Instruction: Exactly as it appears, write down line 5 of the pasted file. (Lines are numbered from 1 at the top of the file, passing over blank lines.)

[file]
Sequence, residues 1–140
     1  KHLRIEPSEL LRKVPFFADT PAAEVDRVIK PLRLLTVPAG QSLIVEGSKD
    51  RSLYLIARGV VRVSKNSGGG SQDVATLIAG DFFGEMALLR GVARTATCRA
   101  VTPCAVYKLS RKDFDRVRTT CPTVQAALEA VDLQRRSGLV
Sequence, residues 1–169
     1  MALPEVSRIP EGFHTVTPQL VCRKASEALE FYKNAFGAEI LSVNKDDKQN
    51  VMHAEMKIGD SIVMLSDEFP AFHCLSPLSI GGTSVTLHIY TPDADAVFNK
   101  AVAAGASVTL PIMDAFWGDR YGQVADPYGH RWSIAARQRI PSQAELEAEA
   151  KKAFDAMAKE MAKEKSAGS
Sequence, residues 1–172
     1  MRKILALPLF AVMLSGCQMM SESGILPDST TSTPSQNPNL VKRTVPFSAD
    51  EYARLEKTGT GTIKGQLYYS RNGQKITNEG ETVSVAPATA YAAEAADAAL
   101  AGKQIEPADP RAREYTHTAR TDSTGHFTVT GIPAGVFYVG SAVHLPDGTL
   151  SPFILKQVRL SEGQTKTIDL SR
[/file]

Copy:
Sequence, residues 1–169